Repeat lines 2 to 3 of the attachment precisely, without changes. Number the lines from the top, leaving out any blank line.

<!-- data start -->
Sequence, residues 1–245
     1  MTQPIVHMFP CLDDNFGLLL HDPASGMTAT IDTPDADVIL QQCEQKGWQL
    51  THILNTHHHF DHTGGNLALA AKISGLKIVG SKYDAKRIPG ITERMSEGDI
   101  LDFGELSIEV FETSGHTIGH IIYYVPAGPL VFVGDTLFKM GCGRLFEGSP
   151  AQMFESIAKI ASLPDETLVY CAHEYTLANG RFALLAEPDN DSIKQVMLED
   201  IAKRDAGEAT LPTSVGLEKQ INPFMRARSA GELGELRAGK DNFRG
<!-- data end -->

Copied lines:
     1  MTQPIVHMFP CLDDNFGLLL HDPASGMTAT IDTPDADVIL QQCEQKGWQL
    51  THILNTHHHF DHTGGNLALA AKISGLKIVG SKYDAKRIPG ITERMSEGDI